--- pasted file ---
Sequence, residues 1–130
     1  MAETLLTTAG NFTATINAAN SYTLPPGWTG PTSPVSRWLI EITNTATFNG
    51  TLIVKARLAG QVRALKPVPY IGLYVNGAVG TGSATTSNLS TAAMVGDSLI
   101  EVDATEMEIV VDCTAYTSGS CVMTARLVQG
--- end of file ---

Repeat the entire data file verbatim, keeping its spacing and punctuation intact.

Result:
Sequence, residues 1–130
     1  MAETLLTTAG NFTATINAAN SYTLPPGWTG PTSPVSRWLI EITNTATFNG
    51  TLIVKARLAG QVRALKPVPY IGLYVNGAVG TGSATTSNLS TAAMVGDSLI
   101  EVDATEMEIV VDCTAYTSGS CVMTARLVQG